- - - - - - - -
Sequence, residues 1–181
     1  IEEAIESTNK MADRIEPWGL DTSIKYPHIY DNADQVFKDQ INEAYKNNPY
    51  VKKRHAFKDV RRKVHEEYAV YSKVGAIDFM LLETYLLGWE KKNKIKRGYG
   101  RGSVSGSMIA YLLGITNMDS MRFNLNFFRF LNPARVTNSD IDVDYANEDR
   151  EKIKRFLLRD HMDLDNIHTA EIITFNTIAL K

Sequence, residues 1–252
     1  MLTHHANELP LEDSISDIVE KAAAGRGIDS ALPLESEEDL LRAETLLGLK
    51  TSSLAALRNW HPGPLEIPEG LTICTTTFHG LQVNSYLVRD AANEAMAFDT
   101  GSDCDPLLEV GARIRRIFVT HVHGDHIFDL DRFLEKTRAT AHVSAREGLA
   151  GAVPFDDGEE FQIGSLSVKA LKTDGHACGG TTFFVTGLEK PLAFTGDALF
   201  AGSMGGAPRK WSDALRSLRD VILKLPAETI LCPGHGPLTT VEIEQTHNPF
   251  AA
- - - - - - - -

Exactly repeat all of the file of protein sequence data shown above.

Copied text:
Sequence, residues 1–181
     1  IEEAIESTNK MADRIEPWGL DTSIKYPHIY DNADQVFKDQ INEAYKNNPY
    51  VKKRHAFKDV RRKVHEEYAV YSKVGAIDFM LLETYLLGWE KKNKIKRGYG
   101  RGSVSGSMIA YLLGITNMDS MRFNLNFFRF LNPARVTNSD IDVDYANEDR
   151  EKIKRFLLRD HMDLDNIHTA EIITFNTIAL K

Sequence, residues 1–252
     1  MLTHHANELP LEDSISDIVE KAAAGRGIDS ALPLESEEDL LRAETLLGLK
    51  TSSLAALRNW HPGPLEIPEG LTICTTTFHG LQVNSYLVRD AANEAMAFDT
   101  GSDCDPLLEV GARIRRIFVT HVHGDHIFDL DRFLEKTRAT AHVSAREGLA
   151  GAVPFDDGEE FQIGSLSVKA LKTDGHACGG TTFFVTGLEK PLAFTGDALF
   201  AGSMGGAPRK WSDALRSLRD VILKLPAETI LCPGHGPLTT VEIEQTHNPF
   251  AA